“Even our most heavily excavated sites have been excavated at less than or just at 1 percent,” Brocken said. “Just from that we’ve learned a great deal. There’s always more to learn and re-analyze and look at collections. Researchers can come to us with a certain objective and can look at the collection from a new set of eyes, asking a question like, ‘How were these bone tools utilized? I’m only interested in studying bone tools of a particular type.’”

Archaeology also factors into the parks department’s plans when it looks to expand services by developing new attractions on the property.

In recent years, new structures have been added, like a horse barn for trail riding, a man-made sledding hill, an archery range, a Native American village recreation and more.

“The development that takes place on this park is unlike a lot of other parks in that you’ve got to have documentation,” said Don Nicholls, resource development specialist with HCPR. “If you turn a spade in this park, you better know what you’re doing, and really you’re not allowed to.”

“We hire an outside archaeologist who does that,” Brocken said. “We contract with a (professional archaeologist) who does oversee any kind of project or development that we do on this property. One of the things that Hamilton County Parks did when it purchased the property was to survey the entire property, a pedestrian survey where archaeological teams went out and mapped and documented where any archaeological sites are. We’ve discovered that we have over 144 different and distinctive sites on the property, four of which are listed on the national register.”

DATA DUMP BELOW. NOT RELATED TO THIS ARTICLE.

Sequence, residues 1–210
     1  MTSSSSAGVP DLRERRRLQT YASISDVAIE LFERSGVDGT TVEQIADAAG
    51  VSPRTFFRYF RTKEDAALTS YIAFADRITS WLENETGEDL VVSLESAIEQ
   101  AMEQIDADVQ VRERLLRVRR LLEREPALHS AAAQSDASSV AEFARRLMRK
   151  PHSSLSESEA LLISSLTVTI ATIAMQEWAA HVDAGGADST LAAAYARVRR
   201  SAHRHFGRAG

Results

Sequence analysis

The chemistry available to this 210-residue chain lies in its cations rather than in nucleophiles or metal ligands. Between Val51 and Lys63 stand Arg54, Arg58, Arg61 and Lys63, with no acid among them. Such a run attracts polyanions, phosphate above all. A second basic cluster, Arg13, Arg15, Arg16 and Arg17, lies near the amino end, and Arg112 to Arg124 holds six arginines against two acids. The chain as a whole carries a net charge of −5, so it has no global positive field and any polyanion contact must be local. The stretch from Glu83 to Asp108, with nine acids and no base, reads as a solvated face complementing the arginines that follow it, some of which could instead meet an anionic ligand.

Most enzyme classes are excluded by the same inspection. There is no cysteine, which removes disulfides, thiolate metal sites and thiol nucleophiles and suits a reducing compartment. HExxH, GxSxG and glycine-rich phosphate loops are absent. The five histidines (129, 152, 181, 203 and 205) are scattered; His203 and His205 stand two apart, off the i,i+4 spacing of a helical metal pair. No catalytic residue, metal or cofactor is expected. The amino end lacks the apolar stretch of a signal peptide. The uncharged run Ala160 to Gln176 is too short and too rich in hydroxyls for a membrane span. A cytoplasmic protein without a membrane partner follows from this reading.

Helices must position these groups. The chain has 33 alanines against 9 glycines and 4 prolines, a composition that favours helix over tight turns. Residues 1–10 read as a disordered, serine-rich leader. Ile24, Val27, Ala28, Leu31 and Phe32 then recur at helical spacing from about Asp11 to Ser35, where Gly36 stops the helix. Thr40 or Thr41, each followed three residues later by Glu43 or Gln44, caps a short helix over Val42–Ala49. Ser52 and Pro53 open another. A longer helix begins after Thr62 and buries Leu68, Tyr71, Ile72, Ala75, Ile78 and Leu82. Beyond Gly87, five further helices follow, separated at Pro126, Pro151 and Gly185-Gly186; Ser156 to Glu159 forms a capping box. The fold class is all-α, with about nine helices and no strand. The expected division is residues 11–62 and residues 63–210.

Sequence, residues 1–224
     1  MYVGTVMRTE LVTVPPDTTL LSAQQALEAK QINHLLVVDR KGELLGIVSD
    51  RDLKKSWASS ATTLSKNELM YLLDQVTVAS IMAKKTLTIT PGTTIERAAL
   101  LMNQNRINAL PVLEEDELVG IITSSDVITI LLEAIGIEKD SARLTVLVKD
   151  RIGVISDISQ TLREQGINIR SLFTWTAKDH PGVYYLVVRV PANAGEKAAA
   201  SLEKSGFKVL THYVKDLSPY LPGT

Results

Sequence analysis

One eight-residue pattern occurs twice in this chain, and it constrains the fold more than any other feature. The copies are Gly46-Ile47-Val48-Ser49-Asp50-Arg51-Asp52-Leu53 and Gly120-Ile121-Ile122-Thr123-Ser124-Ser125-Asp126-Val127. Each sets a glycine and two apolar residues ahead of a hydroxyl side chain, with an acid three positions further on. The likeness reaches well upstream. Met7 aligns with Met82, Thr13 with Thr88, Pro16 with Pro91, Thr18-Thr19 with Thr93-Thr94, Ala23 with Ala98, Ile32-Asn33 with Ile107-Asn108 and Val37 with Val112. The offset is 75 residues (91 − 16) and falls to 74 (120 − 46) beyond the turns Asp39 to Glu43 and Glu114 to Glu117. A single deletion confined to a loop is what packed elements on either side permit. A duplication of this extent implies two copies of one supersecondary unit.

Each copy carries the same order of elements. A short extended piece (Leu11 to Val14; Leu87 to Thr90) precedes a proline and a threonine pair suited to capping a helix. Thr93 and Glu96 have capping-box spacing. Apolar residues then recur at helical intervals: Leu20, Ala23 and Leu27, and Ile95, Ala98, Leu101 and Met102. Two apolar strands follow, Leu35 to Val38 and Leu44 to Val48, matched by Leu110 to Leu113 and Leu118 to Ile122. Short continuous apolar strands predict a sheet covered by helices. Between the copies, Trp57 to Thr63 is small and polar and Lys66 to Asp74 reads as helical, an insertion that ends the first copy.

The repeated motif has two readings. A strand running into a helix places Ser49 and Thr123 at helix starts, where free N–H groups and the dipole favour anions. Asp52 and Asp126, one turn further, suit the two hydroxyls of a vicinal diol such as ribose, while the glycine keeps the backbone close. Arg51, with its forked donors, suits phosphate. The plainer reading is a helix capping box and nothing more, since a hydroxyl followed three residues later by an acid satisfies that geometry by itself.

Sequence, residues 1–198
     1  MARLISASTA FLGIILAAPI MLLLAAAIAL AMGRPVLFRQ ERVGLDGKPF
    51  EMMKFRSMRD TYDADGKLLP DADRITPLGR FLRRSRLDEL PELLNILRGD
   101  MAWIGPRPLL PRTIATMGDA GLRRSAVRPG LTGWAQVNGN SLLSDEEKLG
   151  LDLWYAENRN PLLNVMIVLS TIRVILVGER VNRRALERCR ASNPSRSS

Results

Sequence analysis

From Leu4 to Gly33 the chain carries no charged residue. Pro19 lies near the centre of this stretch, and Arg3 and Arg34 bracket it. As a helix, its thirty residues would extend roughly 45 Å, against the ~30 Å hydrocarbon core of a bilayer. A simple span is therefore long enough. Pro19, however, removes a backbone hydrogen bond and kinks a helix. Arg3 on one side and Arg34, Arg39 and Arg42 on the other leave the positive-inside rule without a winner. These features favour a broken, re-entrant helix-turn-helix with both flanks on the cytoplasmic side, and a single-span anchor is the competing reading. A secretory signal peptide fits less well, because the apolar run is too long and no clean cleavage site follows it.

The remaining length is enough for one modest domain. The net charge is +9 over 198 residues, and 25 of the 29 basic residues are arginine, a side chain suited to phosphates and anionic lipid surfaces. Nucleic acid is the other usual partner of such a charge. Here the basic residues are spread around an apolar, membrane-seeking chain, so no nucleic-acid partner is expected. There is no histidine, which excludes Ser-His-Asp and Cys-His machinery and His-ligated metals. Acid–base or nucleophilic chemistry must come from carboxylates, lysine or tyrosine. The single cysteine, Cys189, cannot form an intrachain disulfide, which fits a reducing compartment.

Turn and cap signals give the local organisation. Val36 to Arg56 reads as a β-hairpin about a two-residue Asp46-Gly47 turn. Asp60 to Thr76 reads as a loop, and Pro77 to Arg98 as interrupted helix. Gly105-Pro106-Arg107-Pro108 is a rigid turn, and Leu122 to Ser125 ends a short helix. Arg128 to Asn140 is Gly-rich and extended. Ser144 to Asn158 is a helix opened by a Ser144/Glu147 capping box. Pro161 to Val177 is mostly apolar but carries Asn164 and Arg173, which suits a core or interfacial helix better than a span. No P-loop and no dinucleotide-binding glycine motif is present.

The Taylor Center of Natural History is open daily, from 10 a.m. to 5 p.m. Monday through Saturday and from 1 to 5 p.m. Sunday. Artifacts recovered by professional archaeologists in previous excavations are on display in the exhibit room, and more than eight miles of trails are open. Staff also conducts tours of the Strawtown Enclosure, a Native American village that was inhabited more than 700 years ago. During the tours, staff discusses the Native Americans who built and used the enclosure and show some of the artifacts recovered by archaeologists. The tours begin inside the Taylor Center of Natural History and include a short stroll to the village site. Tours are 11 a.m. Saturdays and 2 p.m. Sundays. For more, call 317-774-2574.


En plein air painting

What: Participants will receive basic painting instruction from professional artist David Johnson. Artists will be encouraged to select their own subject matter from the surroundings of Strawtown Koteewi Park. Participants should bring their own canvas, brushes and paint and a beverage and picnic dinner if desired.

When: 6 to 9 p.m. Oct. 18

Where: Taylor Center for Natural History, 12308 Strawtown Ave., Noblesville

Cost: Free, but registration is preferred by emailing [email protected] or calling 317-774-2576.


When a Spirit Calls: The Rise of Spiritualism in Victorian Indiana

What: Karen Shank-Chapman, executive director of the Wayne County Historical Museum, will lead this presentation on spiritualism in the Victorian Era and will bring along some artifacts to help illustrate some of the practices she will discuss.

When: 1 p.m. Oct. 13

Where: Taylor Center for Natural History, 12308 Strawtown Ave., Noblesville

Cost: Free


Pioneer Fall Fest

What: Join Taylor Center staff at its historic red barn for a day of pioneer fun. Join the “quilting bee,” make a corn husk doll and fresh butter or learn about pioneer plants with community herbalist, Greg Monzel.

When: 1 to 4 p.m. Oct. 20

Where: Taylor Center for Natural History, 12308 Strawtown Ave., Noblesville

Cost: Free